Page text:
The International Steam Pages

The Abreschviller Forestry Railway, France

Thomas Kautzor visited in in 2002 and 2005, but as he says "nothing much has changed at Abreschviller since then" - see the pictures of his 2014 revisits here..

The Abreschviller forestry railway is one of France’s more interesting narrow gauge tourist/museum railways. Abreschviller (formerly Alberschweiler in German, pop. 1,500) is a village located in the Moselle department in Lorraine. After the French defeat in 1871 the area was attached to the German Empire. In 1884 the first 5 km of a forestry railway network were opened. The railway was operated as Waldbahn Alberschweiler by the Kaiserliche Oberförsterei St. Quirin (Lothringen) and the Prussian 700mm gauge was chosen. In 1918 the railway had reached an extent of 50 km. In 1919 the area was returned to France at the Treaty of Versailles (it remains so today). The railway was now operated by the Office National des Forêts (ONF) and the network continued to expand to 73 km in the 1950s (map at Thereafter, the railway was replaced by trucks and declined to 61 km in 1960. The railway was closed in 1964. Diesel No. 3 was used for another year to shunt the sawmill at Abreschviller.

Following closure, Association du Chemin de Fer Forestier d’Abreschviller (ACFA, was founded with the goal of reopening a part of the railway as a tourist line. The locos and some of the rolling stock were bought from ONF, and at first the 10 km section from Abreschviller up to the Brechpunkt Pass was considered. The last 4 km stretch however included steep grades as well as a zig zag, so in 1969 only the 6,1 km section through Lettenbach (km 1,8) and Rommelstein (km 3,8, siding) to Grand Soldat (run-around loop) was reopened

The forestry railway feeling is kept alive at Abreschviller by the presence next to ACFA’s station of a large sawmill and lumber yard. Trains operate from April to October. At Grand Soldat, a traditional sawmill replica has been set up for visitors (750mm gauge O&K 0-4-0WT 30 PS 4720/1911, ex Carrières de Vaujours près de Serain, is plinthed here with two log trucks). Passenger trains are made up of open bogie coaches, some converted from bogie wagons and others newly-built, and closed ex-Wengernalpbahn (Switzerland) bogie coaches (regauged from 800mm).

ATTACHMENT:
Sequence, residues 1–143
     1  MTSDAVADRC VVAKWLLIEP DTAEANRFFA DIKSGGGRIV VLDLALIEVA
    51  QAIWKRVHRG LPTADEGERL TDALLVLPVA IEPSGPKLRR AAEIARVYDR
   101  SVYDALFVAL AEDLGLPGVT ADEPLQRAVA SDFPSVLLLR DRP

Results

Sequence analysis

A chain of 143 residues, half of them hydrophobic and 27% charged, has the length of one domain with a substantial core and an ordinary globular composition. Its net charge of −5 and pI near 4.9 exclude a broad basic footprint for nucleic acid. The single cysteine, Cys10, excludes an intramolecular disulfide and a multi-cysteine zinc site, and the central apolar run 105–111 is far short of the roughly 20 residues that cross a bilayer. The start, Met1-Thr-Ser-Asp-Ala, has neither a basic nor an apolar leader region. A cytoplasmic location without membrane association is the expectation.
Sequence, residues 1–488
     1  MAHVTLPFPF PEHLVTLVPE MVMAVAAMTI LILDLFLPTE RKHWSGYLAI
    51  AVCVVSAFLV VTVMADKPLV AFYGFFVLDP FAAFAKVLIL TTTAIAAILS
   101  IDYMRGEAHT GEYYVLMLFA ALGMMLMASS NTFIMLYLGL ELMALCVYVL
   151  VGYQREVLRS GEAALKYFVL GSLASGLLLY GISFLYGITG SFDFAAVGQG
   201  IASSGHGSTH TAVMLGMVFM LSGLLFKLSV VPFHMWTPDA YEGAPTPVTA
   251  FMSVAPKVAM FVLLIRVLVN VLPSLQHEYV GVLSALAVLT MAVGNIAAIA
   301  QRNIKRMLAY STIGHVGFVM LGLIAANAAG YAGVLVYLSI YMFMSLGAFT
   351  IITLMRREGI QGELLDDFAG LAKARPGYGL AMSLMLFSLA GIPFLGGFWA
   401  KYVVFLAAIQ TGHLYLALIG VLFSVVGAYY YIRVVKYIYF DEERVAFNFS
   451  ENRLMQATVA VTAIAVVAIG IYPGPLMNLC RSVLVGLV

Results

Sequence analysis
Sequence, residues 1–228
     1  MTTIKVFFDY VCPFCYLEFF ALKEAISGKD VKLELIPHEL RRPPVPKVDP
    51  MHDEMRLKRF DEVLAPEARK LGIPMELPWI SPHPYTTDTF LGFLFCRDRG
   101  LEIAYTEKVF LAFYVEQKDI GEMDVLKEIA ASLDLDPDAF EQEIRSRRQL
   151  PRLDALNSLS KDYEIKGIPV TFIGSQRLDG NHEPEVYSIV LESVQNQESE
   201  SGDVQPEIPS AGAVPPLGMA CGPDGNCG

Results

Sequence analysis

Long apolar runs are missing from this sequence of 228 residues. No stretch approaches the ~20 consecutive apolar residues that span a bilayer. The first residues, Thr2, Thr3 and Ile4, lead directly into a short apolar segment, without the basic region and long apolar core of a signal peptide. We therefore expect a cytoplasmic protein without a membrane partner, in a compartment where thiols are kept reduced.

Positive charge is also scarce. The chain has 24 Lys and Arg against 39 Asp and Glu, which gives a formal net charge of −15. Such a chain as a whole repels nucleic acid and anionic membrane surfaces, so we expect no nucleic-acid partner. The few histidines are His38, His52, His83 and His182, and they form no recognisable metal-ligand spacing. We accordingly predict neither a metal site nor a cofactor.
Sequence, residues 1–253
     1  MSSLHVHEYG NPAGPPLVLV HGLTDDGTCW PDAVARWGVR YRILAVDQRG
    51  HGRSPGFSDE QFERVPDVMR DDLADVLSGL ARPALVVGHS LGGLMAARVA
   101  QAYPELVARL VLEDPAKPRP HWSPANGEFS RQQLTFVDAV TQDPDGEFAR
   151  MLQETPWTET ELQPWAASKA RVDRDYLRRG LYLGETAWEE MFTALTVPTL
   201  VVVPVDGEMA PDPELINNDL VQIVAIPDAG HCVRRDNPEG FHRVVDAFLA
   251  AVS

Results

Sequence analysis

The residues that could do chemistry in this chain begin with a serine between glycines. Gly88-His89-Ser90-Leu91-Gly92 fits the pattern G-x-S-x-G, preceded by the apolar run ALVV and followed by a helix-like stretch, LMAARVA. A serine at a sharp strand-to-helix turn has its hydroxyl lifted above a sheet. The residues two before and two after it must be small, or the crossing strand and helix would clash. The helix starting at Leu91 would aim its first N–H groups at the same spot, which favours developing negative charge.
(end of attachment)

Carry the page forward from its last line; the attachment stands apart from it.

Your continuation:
ACFA 0-4+4-0T No. 1 is the only Mallet ever built at MG Heilbronn (No. 476/1907, 100 PS) and was obtained new.

ACFA 0-6-0T No. 2 (Decauville 1835/1927, 8 tons) came to the railway in 1933.

ACFA 0-6-0DH No. 3 (Coferna 27517/1953, model MR100.L33.12RT) was obtained new.

ACFA 0-6-0 No. 4 (Jung HF110C 10120/1944, 14.2 tons) was built for the Heeresfeldbahn as HF 11810 and found in storage at Mitterzil (Austria) at the end of WWII. At first it was loaned to the Steyrtalbahn and in 1949 sold to the Steiermärkische Landesbahnen (StLB), were it saw use first on the Murtalbahn and then until 1967 on the Stainzerbahn. In 1970 it was bought by ACFA, regauged from 760mm and restored in 1975/76.

ACFA has two motor trolleys, No. 5 (home-built in 1936 with a Hotchkiss engine) and No. 11 (converted from a 1925 Renault NN automobile), both original to the line.

ACFA 4wDM No. 6 MIQUETTE (Deutz A2L514 F 56241/1956, 4.6 t, 28 PS) was obtained from Aktienziegelei Bayreuth (D) in 1996.

ACFA unnumbered 4wDM (Gmeinder HF50B 4252/1945) was built for the Heeresfeldbahn (Eisenbahnpionierpark Rehagen-Klausdorf) and obtained from Erste Bayrische Basaltstein-Industrie AG, Werk Steinmühle bei Waldsassen (D) in 1985.

Parts of the old sawmill, containing a Richmond stationary steam engine (see link broken by 25th October 2016), survive behind the two-road loco shed and works (another stationary engine, Heinrich Lanz No. 18690/1907, was acquired by ACFA).

The pictures:

ACFA 1 and the loco shed:




The pictures show in order - ACFA 3, the Gmeinder, motor trolley 5 and ACFA 6.

Rolling Stock:

The pictures show in order -  a bogie flat car mounted on wooden log trucks, eight wooden log trucks, an inspection saloon car, a brake van, five open worker’s wagons and two tool cars which have been preserved and can be used to recreate authentic-looking trains. Logs can be loaned from the neighboring sawmill.

Rob Dickinson